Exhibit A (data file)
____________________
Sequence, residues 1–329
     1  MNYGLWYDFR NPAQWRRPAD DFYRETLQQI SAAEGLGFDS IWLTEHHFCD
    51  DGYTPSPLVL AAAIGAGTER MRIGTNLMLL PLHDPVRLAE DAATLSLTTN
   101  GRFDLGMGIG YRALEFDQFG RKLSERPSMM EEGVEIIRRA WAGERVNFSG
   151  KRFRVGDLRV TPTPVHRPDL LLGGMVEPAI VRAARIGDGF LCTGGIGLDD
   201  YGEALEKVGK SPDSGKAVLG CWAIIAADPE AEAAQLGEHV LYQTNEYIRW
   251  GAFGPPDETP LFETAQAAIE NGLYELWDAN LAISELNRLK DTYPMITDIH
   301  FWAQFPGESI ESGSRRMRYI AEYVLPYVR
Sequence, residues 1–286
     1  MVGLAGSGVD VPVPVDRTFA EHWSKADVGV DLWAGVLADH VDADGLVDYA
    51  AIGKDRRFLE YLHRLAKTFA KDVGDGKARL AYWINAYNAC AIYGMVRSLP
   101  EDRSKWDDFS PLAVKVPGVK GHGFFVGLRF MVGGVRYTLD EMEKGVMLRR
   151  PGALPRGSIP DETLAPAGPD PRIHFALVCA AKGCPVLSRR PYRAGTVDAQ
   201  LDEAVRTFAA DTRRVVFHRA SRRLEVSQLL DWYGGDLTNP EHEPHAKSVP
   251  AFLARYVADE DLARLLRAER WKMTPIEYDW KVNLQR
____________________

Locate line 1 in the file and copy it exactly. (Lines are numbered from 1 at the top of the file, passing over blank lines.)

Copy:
Sequence, residues 1–329